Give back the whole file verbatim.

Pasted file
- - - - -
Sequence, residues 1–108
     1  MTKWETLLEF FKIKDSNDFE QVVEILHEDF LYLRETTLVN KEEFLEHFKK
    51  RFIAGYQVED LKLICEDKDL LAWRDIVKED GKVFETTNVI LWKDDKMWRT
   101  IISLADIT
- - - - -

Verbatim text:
Sequence, residues 1–108
     1  MTKWETLLEF FKIKDSNDFE QVVEILHEDF LYLRETTLVN KEEFLEHFKK
    51  RFIAGYQVED LKLICEDKDL LAWRDIVKED GKVFETTNVI LWKDDKMWRT
   101  IISLADIT